^^I'm a human volunteer content transcriber for Reddit and you could be too! [If you'd like more information on what we do and why we do it, click here!](https://www.reddit.com/r/TranscribersOfReddit/wiki/index)
Why is everyone suggesting he learn in vim? That's means learning two things at once.
Use something comfy like eclipse or vscode.
If you’re not using vi in a terminal window you’re just doing it wrong. You don’t use an IDE for C!
Now get off my lawn you damn kids!
UNIX is the C development environment. Everything else is a puny imitation.
Dont give up. C together with Linux is the most satisfying and coolest thing there is in the programming world.
And also the most frustrating and error prone.
Only because it forces you to learn the fundamentals of Computer Science. Other languages gets you up and running quickly without you worrying about what happens under the hood.
Agreed that for most people that is all you need. However, if you are serious about learning CS and Engineering, learning C will be the best thing you ever did.
If you don’t understand memory allocation then you’re going to bad at C.
If you don't understand memory allocation at all, you are most likely going to write inefficient code in other langues too. Its good to learn that C memory allocation basics so that you will never have any problems in any other languages.
Just get clion, its a great way to get into the syntax without having to worry about compilation just yet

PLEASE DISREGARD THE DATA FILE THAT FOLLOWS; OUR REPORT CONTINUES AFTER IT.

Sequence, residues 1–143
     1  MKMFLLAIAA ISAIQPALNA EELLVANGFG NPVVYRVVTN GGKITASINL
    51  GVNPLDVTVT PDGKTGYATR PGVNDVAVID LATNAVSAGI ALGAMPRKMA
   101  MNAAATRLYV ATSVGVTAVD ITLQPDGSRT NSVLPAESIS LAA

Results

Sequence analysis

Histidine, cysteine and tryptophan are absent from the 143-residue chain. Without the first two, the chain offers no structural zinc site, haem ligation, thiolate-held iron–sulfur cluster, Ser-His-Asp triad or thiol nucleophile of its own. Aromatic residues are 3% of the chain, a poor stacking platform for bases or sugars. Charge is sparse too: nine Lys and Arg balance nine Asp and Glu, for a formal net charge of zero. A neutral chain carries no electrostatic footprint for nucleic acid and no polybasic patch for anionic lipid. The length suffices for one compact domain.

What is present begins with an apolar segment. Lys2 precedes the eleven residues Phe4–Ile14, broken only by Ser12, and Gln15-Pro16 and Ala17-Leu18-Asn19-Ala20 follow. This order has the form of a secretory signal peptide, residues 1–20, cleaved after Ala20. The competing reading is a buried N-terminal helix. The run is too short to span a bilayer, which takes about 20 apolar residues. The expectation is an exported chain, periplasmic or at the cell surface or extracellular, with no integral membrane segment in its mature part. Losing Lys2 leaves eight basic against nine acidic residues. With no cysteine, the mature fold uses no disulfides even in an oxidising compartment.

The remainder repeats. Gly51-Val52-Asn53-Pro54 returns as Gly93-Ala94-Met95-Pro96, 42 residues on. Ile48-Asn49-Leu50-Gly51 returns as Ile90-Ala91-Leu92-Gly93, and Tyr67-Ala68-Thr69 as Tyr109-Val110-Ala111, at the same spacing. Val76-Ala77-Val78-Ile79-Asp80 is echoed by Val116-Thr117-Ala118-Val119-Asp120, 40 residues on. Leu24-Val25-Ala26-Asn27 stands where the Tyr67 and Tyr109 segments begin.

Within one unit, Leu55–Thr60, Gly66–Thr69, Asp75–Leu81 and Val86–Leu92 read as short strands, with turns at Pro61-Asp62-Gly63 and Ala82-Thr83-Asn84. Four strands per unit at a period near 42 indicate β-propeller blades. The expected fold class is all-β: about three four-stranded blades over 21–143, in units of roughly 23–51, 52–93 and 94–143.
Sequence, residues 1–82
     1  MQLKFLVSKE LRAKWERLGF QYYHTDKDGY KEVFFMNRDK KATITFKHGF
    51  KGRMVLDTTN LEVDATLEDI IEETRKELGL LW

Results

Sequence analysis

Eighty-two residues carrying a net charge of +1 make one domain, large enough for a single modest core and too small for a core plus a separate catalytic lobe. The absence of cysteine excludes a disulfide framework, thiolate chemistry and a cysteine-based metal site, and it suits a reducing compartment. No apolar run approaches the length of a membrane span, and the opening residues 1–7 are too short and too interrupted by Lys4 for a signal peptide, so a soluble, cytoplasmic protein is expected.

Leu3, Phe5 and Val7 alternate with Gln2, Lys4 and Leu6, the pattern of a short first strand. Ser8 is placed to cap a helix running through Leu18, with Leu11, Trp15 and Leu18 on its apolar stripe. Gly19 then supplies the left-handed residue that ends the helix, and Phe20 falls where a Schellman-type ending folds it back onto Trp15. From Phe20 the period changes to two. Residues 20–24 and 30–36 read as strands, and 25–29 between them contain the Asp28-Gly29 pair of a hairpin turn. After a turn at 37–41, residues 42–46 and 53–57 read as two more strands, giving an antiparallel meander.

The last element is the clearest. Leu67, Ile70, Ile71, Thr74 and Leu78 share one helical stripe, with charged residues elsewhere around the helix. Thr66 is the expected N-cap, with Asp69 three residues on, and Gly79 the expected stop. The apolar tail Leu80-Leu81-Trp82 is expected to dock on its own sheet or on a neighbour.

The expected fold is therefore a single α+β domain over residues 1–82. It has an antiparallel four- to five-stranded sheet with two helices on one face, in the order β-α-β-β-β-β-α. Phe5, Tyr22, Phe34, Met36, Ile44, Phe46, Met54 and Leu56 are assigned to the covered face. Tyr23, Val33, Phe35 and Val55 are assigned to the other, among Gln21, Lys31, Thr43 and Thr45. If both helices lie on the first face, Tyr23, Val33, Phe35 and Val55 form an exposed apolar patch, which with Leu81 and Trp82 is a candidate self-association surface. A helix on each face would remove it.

Not me though, only the end of my second week in systems programming my professor was already asking us to write a modular makefile and I almost shit my pants cause he pretty much threw us to the wolves not showing us a legit example first
Does require you to know a bit about CMake though. But yeah, +1 for Jetbrains. I use Intellij daily for Kotlin dev. CLion has been great for my C/C++ hobbies. But it does cost \~$20 a month.
Well you dont really need to know about cmake to get started, if you make your new class/header files correctly it configures everything for you. By the time you are ready to customize stuff you should be ready to move to a 3P compiler if you want..but great place to get started coming from high level for sure, even on linux it's pretty painless and good at shielding you from any vulnerable moving parts
Agree Jetbrains suite is definitely great for moving for language to language tho, I can switch from Android Studio to CLion and feel right at home with shortcuts. Abandon visual studio, rider for C#, they even have pycharm for you pythoners! i still have access to my old uni.edu email addy so I'm using it under a free student account still (shhh!!)